ZA Confidential is a subscription newsletter.   For subscription details, invitations to grown-up events with edible food and drinkable wine, or any other communication, please contact:   zaconfidential@gmail.com     Follow us on twitter: @zaconfidential


Die Vine Intervention – 2 Ciders

The ever-inventive Michael Olivier unearths two ciders for this week’s podcast tasting and astounds us all with how good they are.

The pair are Cluver and Jack from Elgin, and Ireland’s Orpens.

John Fraser is joined in the Johannesburg studio with sippers Jeff Osborne from Gumtree and IT genius Malcolm MacDonald.

Do yourself a favour and click on our podcast….


Die Vine Intervention: KWV 12 Year Old Brandy

Food and wine superstar Michael Olivier puts the randy in brandy when he introduces the award winning 12 year old KWV Brandy.

John Fraser reluctantly shares his bottle in the Johannesburg studio with Dino Fagas from Prosopa restaurant in Pretoria, grand brander Jeremy Sampson and economic superstar Mike Schussler.

Malcolm MacDonald hosted the recording and supervised the technical side of the operation.

As well as discussing this brandy, the panel debated whether brandy is best drunk after being heated up in a microwave, or with a good cigar.

Here is the podcast:


Woolies’ Bizarre Gauteng Boycott

Johannesburg is ZA’s commercial capital, and yet some companies seem to believe that they can hide under the shadow of Table Mountain, snubbing the very large analyst and media communities in Gauteng.

I was frankly rather annoyed when I confirmed this week that there would not be a face-to face presentation of Woolworths’ latest financial results in Gauteng.   Instead those of us who are not within spitting distance of the sea, or of Parliament, and who wish to checkout Woolies’ updates, were offered written stuff, webcasts and conference calls.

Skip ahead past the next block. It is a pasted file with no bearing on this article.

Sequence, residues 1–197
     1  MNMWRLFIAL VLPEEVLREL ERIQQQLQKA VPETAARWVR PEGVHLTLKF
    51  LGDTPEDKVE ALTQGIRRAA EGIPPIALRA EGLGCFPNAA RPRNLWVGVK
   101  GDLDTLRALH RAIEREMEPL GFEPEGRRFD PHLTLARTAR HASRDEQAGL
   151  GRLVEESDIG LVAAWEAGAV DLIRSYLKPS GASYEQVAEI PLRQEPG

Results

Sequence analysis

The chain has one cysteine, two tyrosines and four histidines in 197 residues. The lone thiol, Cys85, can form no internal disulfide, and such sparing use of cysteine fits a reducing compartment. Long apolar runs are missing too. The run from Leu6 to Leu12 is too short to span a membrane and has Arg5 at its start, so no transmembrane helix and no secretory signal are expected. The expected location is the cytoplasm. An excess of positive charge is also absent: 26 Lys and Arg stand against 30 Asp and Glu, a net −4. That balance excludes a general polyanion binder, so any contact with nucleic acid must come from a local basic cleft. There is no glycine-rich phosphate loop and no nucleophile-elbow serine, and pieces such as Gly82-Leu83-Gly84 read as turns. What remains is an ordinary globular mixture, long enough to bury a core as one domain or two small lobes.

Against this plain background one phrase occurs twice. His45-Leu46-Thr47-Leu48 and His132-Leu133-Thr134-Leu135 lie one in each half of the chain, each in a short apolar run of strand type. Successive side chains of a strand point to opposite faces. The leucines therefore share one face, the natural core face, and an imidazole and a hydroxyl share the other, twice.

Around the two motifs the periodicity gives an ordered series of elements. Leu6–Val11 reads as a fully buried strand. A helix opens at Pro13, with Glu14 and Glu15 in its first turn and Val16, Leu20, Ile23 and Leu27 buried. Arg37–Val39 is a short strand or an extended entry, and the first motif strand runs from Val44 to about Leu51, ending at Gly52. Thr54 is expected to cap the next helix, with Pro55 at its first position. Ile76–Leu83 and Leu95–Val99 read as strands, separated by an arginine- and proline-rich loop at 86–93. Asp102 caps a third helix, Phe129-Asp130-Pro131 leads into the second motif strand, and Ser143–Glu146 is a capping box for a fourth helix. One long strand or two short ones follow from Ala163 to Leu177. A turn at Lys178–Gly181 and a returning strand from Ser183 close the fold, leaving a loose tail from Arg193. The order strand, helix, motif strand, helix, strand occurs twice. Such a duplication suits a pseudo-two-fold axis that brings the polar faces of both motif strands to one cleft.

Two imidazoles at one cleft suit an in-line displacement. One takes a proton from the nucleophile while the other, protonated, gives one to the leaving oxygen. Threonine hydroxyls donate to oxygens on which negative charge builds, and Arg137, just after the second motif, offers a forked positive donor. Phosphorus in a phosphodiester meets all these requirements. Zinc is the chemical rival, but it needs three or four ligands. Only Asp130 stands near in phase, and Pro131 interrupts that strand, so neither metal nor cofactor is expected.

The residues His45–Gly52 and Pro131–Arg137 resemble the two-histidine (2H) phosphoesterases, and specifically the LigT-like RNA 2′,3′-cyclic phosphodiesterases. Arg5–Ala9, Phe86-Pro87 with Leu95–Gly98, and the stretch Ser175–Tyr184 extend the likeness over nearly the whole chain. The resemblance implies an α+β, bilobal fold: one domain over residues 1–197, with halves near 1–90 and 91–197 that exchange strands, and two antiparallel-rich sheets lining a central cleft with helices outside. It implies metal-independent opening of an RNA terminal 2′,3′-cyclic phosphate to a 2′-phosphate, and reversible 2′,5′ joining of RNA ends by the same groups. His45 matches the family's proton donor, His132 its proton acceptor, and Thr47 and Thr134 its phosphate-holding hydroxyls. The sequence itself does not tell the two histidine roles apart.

This is really below par. The company is an important player in the retail economy, has had important reputational issues with the protests against the Israeli produce it stocks, and it is just not possible to have those chummy chats with someone on the other end of a conference phone line, or to really read the body language. And for many, a trip to CT for the live show is just too time-consuming and expensive.

But what do I know?   Here are the views of a few of our experts:

Chris Gilmour from Absa:

Woolies stopped presenting to a Jo’burg audience last year, after many years of successfully presenting in their store environment to enthusiastic audiences. This is the latest in a depressing line of Cape-Town based companies which take the view that face-to-face presentations will only be performed in Cape Town. This practice began a few years ago when Truworths stopped presenting in Johannesburg. Clicks followed in quick succession, and now Woolies. Foschini last presented in Jo’burg, to my almost certain knowledge, sometime in the early 1990s. Interestingly and refreshingly, Spur will be presenting in Jo’burg at the end of this month after only presenting in Cape Town for many years. Hopefully this may herald the beginning of a turnaround in thinking. The only large Cape Town-based retailers that make presentations in Jo’burg are Pick n Pay and Shoprite.